• Join over 1.2 million students every month
  • Accelerate your learning by 29%
  • Unlimited access from just £6.99 per month

Flywheel experiment

Extracts from this document...



A flywheel is a mechanical device with a significant moment of inertia used as a storage device for rotational energy1. The rotational energy stored enables the flywheel to accelerate at very high velocities, and also to maintain that sort of velocity for a given period of time. The force that enables the flywheel to attain such velocities also produces energy to slow down the flywheel’s motion.


The objectives of the experiment are;

  • To determine the friction torque due to the bearings, Tf  
  • To determine, experimentally, the moment of inertia, I, for the flywheel.
  • To estimate the moment of inertia, using simple equations.
  • To compare the experimental value of I with the estimate and suggest reasons for any discrepancies.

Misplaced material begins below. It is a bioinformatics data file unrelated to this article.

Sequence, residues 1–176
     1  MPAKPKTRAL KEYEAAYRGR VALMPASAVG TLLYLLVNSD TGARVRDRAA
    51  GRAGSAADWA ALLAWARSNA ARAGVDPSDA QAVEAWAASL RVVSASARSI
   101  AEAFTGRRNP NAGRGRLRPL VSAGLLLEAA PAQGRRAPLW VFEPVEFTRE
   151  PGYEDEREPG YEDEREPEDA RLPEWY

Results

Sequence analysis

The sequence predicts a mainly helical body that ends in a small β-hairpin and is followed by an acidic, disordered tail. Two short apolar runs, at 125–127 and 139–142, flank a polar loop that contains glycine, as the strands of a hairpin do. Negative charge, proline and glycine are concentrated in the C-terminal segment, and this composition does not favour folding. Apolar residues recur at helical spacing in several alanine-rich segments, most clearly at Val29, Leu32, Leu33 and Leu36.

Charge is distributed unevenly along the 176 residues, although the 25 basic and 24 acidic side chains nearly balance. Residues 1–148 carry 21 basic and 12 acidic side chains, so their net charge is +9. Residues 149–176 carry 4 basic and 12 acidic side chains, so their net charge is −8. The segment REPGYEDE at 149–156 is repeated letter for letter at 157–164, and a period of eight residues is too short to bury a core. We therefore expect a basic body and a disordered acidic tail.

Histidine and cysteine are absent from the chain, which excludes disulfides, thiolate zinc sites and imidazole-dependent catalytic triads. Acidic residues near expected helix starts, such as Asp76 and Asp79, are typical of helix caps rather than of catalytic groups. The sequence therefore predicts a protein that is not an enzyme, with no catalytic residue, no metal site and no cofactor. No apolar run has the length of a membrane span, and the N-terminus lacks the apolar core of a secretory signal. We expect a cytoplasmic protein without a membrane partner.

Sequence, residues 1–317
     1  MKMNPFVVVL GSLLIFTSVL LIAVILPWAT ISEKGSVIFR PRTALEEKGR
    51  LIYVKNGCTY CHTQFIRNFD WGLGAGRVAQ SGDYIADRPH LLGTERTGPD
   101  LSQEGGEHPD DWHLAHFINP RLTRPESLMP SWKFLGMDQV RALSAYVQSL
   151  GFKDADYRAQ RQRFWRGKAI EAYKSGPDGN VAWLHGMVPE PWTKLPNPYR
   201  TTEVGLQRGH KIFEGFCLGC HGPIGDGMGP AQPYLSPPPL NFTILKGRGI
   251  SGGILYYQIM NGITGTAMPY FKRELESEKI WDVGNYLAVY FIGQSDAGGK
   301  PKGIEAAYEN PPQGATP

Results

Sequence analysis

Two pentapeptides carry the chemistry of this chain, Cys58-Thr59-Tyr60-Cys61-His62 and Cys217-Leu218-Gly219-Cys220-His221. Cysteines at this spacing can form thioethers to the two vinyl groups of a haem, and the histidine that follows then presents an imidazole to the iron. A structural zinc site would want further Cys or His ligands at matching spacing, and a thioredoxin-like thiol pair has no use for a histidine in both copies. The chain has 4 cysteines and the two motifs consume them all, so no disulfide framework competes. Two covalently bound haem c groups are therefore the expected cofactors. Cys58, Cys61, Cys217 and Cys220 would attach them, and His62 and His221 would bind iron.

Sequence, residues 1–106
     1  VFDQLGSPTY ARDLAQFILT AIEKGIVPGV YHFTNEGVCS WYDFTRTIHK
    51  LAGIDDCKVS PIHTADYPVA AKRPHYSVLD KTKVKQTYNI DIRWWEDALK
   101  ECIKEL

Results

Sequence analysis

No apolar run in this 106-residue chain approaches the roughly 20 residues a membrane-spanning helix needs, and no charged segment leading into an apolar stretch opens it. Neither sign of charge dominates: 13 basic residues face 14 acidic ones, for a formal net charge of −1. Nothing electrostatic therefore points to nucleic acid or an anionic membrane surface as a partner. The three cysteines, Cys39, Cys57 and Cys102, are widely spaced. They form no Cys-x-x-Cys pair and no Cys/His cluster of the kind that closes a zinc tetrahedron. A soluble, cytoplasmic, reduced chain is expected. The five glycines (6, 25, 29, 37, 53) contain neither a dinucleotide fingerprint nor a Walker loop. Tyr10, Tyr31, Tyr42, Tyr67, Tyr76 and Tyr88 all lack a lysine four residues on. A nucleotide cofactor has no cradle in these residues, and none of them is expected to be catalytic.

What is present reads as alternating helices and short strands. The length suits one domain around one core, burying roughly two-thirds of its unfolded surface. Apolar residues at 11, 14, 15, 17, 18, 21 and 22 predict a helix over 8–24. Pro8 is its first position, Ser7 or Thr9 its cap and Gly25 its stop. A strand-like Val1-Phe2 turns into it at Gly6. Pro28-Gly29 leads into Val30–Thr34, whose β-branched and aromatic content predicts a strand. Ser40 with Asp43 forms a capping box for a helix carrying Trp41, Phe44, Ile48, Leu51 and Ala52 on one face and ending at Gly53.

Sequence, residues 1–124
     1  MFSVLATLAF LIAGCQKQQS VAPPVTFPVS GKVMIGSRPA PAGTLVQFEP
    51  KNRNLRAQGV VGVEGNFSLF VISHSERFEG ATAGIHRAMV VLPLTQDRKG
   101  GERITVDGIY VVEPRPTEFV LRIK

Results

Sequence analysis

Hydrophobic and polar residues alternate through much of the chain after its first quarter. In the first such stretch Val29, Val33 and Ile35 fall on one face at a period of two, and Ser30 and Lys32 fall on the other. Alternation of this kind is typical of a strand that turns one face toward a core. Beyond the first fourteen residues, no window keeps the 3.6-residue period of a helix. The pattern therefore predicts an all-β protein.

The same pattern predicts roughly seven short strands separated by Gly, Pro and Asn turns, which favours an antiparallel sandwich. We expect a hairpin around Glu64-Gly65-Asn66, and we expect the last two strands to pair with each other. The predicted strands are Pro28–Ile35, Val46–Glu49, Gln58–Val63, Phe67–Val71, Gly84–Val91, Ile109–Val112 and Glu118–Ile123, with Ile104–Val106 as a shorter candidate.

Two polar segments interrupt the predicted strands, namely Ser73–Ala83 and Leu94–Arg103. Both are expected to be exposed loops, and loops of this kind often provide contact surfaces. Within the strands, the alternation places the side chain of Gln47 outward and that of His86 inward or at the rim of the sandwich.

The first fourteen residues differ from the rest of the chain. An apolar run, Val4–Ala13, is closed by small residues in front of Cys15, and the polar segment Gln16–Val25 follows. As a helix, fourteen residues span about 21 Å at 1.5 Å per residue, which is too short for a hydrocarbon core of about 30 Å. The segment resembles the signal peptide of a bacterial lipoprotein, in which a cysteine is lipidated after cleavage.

To calculate friction torque, it is assumed that the energy lost due to bearing friction is equal to the potential energy lost by the mass during unwinding and rewinding:

               Mg(H1-H2) = Tf θ                                                                   . . . . . (1)

Where, m        = applied mass (kg)

               H1        = original height of mass above some arbitrary datum (m)

               H2        = final height of mass above the same datum (m)

               Tf            = friction torque (Nm)

...read more.



             C          H1image09.pngimage10.png

String image11.png



A known mass         Bimage03.pngimage04.pngimage02.png


Figure 3.1a


  • The string is wrapped around the flywheel in a clockwise direction, which in turn lifts the known mass that is attached to the bottom of the string to a point close to the flywheel (point A on fig 3.1).
  • The string, with the mass attached to it, is then allowed to wind down the flywheel until the mass reaches its lowest point (point B on fig 3.1), which is timed with a stop watch.
  • The distance between points A and B is measured as H1.
  • After reaching its lowest point, the mass then bounces back and starts to travel in the opposite direction, but then stops at a particular point (point C on fig 3.1).